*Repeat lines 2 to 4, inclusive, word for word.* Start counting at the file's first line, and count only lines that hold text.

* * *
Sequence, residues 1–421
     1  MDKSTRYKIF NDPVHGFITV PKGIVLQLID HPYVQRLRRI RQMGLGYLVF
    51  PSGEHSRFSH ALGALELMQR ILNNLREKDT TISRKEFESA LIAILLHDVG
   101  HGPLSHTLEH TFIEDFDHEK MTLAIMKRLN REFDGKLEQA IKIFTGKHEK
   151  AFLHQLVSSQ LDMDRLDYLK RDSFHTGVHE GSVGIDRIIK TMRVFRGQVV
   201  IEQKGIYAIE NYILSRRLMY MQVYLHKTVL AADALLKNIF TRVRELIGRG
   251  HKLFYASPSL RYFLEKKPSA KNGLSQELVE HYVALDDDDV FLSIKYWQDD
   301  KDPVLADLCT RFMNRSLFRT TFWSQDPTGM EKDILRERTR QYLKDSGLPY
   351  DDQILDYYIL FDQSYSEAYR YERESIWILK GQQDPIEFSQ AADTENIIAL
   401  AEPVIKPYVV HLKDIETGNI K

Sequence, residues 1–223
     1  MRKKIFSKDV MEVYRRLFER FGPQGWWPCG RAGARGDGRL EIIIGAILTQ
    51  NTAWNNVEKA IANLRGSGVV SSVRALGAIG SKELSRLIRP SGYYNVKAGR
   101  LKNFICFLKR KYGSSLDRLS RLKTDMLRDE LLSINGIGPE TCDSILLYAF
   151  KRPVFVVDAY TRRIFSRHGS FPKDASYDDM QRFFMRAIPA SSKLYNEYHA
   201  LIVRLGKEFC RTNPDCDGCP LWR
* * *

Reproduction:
     1  MDKSTRYKIF NDPVHGFITV PKGIVLQLID HPYVQRLRRI RQMGLGYLVF
    51  PSGEHSRFSH ALGALELMQR ILNNLREKDT TISRKEFESA LIAILLHDVG
   101  HGPLSHTLEH TFIEDFDHEK MTLAIMKRLN REFDGKLEQA IKIFTGKHEK